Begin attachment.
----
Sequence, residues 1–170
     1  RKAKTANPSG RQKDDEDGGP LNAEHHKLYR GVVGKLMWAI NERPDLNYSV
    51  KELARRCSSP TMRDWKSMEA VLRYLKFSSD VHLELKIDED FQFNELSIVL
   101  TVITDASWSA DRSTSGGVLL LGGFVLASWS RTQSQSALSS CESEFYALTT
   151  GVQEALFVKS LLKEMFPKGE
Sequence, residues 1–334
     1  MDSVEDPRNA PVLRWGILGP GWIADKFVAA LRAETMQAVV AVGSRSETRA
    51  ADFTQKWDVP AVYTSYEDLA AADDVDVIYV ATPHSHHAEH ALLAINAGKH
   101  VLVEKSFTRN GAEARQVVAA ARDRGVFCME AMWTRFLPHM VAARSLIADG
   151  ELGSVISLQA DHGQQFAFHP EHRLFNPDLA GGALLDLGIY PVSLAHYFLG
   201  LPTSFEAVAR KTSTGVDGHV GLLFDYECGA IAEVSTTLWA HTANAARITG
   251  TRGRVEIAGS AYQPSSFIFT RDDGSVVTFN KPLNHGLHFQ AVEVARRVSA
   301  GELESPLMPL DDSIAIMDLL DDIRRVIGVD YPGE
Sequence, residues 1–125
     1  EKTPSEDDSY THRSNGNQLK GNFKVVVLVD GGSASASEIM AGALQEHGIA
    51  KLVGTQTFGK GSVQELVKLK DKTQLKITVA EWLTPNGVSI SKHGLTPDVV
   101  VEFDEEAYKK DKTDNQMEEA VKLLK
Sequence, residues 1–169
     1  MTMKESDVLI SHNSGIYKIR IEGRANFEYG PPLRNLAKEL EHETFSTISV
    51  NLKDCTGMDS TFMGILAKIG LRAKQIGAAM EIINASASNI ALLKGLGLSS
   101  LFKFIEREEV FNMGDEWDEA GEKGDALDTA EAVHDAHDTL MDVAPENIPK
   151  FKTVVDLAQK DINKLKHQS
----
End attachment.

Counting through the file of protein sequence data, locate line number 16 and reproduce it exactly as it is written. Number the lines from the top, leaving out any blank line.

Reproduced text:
    51  KLVGTQTFGK GSVQELVKLK DKTQLKITVA EWLTPNGVSI SKHGLTPDVV